Mania can sneak up on me. When I recognize that I’m about to experience an episode, I turn to specific steps to keep it from escalating.
Sudden Onset of Mania
Manic episodes in bipolar disorder can be scary. Often, due to a phenomenon called anosognosia (where a person is not aware of their own behavior or illness), I can find myself drifting into a manic phase fairly quickly and without noticing.
The most important steps I can take to keep a manic
episode down are similar to what I do when I am feeling well.
What Do I Do When a Manic Episode Is
Ask my support system to let me know when my behavior is off. Spending sprees, pressured speech, akathisia (the need to move aimlessly), obsessions that pop up out of nowhere—these are prime symptoms for me when I am starting a manic phase. I need to be made aware of such behaviors.
Set up a plan of action to put into motion if manic symptoms appear. Such a plan may involve calling my treatment team with a report of my symptoms, reducing my access to money or credit cards, or making a verbal contract not to harm myself in any way.
Make arrangments with my doctor to have a last resort, “rescue” medication available to calm my racing thoughts. (I have permission to take an extra 1 mg of a common sedative prescribed by my doctor if I simply cannot slow the thoughts down any other way.)
What If I Am Alone When I Feel the Onset of Manic
First, I call on my husband to serve as a check on my thinking. Even if I’m away from him, I need to validate my experiences and feel less alone. I tell him what I am thinking, and I ask his opinion of what is going on in my head. He’s not a clinician, but, since we’ve been married almost 27 years, you could say that he is the person who is an expert on my behavior. Other trusted people who can check your behavior may be parents or close friends who have seen you through episodes. People whom you trust with your safety and who have experience with your bipolar symptoms.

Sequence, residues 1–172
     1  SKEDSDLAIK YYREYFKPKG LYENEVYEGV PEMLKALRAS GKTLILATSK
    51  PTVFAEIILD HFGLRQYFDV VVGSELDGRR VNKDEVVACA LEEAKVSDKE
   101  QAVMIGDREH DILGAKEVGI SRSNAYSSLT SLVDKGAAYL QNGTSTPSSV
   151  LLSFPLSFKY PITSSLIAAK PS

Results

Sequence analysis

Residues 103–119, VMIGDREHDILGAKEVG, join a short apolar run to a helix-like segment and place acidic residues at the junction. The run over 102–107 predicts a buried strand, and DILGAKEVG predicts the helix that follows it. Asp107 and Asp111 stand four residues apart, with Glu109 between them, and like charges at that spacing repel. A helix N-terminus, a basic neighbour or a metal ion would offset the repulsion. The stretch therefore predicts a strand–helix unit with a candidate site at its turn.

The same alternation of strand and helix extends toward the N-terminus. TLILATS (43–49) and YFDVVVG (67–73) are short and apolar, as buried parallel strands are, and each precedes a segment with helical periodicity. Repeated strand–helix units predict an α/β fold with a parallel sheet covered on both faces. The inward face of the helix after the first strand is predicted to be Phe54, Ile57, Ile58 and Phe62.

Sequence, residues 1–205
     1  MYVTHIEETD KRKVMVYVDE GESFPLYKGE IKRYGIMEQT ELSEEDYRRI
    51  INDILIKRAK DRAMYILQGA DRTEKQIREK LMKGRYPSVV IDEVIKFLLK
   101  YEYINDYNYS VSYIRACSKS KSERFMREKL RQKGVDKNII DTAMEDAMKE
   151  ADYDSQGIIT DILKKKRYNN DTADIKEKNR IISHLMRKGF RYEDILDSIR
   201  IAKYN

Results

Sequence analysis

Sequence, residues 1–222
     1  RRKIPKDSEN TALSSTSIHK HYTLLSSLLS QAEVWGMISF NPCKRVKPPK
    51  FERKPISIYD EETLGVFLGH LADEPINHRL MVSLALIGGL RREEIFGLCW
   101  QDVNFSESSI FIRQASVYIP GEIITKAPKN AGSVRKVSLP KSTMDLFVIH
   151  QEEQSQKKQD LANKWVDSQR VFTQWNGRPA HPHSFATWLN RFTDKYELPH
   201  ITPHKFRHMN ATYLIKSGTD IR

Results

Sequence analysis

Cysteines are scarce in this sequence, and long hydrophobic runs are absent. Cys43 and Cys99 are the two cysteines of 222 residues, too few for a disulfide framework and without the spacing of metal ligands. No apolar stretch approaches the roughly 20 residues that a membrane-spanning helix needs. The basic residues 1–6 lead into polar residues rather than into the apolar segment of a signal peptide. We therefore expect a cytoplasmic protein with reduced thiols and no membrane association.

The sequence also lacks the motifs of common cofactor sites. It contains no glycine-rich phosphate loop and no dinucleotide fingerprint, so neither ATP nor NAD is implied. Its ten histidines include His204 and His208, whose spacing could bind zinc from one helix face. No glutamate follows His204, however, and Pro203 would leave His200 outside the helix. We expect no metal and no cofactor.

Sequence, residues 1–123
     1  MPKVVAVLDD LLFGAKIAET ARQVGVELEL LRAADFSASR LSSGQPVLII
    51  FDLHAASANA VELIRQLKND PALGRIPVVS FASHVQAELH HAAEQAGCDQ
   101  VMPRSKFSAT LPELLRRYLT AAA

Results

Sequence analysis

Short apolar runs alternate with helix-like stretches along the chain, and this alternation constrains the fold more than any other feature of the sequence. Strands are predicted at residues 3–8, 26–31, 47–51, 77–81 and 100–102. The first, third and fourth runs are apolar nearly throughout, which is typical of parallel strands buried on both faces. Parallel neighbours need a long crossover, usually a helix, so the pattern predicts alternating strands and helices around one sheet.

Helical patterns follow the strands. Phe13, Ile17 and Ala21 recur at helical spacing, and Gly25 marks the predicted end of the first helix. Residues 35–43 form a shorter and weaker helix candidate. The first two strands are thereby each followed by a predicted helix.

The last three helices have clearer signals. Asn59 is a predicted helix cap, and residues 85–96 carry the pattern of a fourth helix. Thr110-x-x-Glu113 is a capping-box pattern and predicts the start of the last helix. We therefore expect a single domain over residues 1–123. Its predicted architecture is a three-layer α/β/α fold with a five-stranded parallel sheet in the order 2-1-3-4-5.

If, between us, my husband and I determine that I am acting oddly, we contact my therapist and psychiatrist to make an urgent appointment. Whoever we can get in to see first, that’s who we see.
In the meantime, I put on calming music. I have a collection of nature music I use to calm my thoughts when in a stressed or manic state of mind.
I also do simple yoga positions for relaxation. My favorites for those times when I’m feeling extremely anxious or borderline manic are the “cat” and “cow” poses—I get down on my hands and knees and alternate arching and lowering my spine, with my hands lined up under my shoulders and my knees lined up under my hips.
If necessary, I take my “rescue” medication, and I make note what time I took it.
This next step can be the trickiest: I go to bed on time. Sometimes this part of managing my mania is the hardest to do because I may have all kinds of nervous energy and want to do housework or writing work or engage in some other amusement, like watching television late into the night. But I have learned that trying to stick to my sleep routine—even if I am feeling restless—is a better option that staying awake all night, furiously cleaning the baseboards with a toothbrush. I give my body a chance to rest even if my mind seems determined not to allow it.
Once I have an appointment with someone in my treatment team, we set up a specific plan. Of course, what we decide to do varies, depending on the specifics I’m facing at the time. But, still, the last step is the same. The final step, as you might suspect, is follow-through.
Last, I make a determined effort to fully comply with the plan my treatment team sets up. It may mean a medication change, more frequent counseling sessions, or hospitalization. I trust my team, so I take their guidance to heart.
What Do I Do When Mania Seems Alluring?
The most concerning behavior, of course, is not wanting to stop the mania from happening. Even if you feel like you’re “only” hypomanic, know that mania is waiting around the corner. I remind myself that it could do some serious damage if I get caught under its spell. Untreated or mismanaged mania can destroy relationships, sense of self/mind, finances/credit rating, and more—if we let it.
These are the steps that work for me. They might be different from what works for you. But the biggest takeaway is to know what mania isn’t all fun and games. It’s a dangerous escalation of bipolar, and it needs to be addressed.
What steps do you take when you feel the beginnings of mania or recognize early hypomanic behaviors?
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